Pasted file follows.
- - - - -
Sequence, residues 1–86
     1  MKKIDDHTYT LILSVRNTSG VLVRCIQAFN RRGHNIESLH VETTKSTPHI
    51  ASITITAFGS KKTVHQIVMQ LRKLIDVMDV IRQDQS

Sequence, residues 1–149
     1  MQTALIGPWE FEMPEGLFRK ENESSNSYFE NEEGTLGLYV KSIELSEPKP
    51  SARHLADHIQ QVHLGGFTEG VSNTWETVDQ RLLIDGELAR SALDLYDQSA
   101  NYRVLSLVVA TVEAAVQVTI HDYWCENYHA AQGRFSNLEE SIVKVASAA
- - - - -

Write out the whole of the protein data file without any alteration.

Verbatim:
Sequence, residues 1–86
     1  MKKIDDHTYT LILSVRNTSG VLVRCIQAFN RRGHNIESLH VETTKSTPHI
    51  ASITITAFGS KKTVHQIVMQ LRKLIDVMDV IRQDQS

Sequence, residues 1–149
     1  MQTALIGPWE FEMPEGLFRK ENESSNSYFE NEEGTLGLYV KSIELSEPKP
    51  SARHLADHIQ QVHLGGFTEG VSNTWETVDQ RLLIDGELAR SALDLYDQSA
   101  NYRVLSLVVA TVEAAVQVTI HDYWCENYHA AQGRFSNLEE SIVKVASAA